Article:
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Lemon Balm Culinary and Medicinal Uses

What is Lemon Balm?

Lemon balm is a perennial herb in the mint family Lamiaceae, native to southern Europe and the Mediterranean region. It grows to 70-150 cm tall. The leaves have a gentle lemon scent, related to mint.

This easily cultivate herb originated from southern Europe and the Mediterranean.

It can be very invasive and may spread vegetatively as well as by seeds. Lemon Balm has many culinary and medicinal uses. It also has a very rich and flavorful history.

Balm got its name from the chief of sweet-smelling oils, Balsam. The lemon part of it is of course derived from the citrus aroma it emits.

The Swiss physician and alchemist, Paracelsus, prized this herb for his belief that it could revive a man. It was also well known for it's use as a mild sedative on the nervous system, especially on epileptic patients.

It has been referred to as one of the agents in the "Elixir of Life" along with other herbs. It has been reported that a tea made of lemon balm can increase longevity.

Lemon balm is often used in the same way as mint. Used for a sweet taste on roast chicken and other meats, it is also used on salads.

Lemon Balm Plant Many know lemon balm for its role in various herbal teas, for flavoring ice creams, and in many drinks. It is most often used in conjunction with spearmint and other sweet flavored herbs. When used in teas, if gives a relaxing and calming affect since it is a mild sedative. The teas made from lemon balm are often used to reduce or eliminate migraine headaches, toothaches, and other pains of the mouths. It is also said to aid in relieving stress.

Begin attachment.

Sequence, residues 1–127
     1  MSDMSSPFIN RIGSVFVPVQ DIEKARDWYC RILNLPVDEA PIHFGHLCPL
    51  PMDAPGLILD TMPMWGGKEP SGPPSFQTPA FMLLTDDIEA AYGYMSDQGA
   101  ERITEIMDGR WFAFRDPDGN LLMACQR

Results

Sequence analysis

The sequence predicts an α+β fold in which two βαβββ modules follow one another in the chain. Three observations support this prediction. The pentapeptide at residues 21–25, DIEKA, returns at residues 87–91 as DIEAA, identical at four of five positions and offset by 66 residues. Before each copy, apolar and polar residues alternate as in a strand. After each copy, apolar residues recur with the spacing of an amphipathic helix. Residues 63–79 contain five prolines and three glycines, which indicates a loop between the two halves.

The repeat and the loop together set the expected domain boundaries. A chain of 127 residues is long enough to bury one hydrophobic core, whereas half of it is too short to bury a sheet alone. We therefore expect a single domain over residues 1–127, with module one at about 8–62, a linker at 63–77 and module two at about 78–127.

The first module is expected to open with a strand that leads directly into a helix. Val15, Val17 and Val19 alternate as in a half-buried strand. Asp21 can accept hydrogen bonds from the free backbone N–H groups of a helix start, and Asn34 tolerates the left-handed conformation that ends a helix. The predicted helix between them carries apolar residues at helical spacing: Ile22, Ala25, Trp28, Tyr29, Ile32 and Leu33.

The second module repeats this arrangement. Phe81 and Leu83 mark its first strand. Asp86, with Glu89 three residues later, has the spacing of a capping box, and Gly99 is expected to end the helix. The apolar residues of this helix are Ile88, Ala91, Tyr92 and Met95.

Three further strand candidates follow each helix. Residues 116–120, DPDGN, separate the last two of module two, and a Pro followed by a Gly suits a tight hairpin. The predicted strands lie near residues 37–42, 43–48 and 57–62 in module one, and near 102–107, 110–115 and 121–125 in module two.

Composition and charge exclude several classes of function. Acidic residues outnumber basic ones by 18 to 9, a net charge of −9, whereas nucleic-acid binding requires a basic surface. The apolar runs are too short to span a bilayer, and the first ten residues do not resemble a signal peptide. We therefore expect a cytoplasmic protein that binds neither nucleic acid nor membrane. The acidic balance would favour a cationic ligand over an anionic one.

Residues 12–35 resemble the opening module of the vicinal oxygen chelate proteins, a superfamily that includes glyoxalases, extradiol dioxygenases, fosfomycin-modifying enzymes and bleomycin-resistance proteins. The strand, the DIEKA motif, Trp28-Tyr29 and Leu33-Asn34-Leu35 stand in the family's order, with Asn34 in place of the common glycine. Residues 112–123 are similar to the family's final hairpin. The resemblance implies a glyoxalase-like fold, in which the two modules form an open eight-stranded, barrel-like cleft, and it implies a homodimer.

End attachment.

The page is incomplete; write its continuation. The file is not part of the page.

When the leaves are crushed and rubbed on the skin, it's powerful aroma acts as an insect repellent just as citronella (which is one component in its chemical makeup). Used in this fashion it also relieves itching from bug bites.

As stated above, this herb has a calming and soothing effect on the central nervous system and is often used in patients with certain nervous disorders.

It is also said that lemon balm can cut down the duration or intensity of cold sore outbreaks. (Side Note: Always check with a doctor or professional when using herbs for medicinal or internal uses.) So with the cold and holiday season approaching, maybe you will find some way to incorporate Lemon Balm into your life.

Lemon balm should be avoided by those on thyroid medication (such as thyroxine) as it is believed that the herb inhibits the absorption of this medicine.

Sarah White is a contributing writer for Paula's Herbs and Plants. She is a recent high school graduate and plans to continue her education in the fall.

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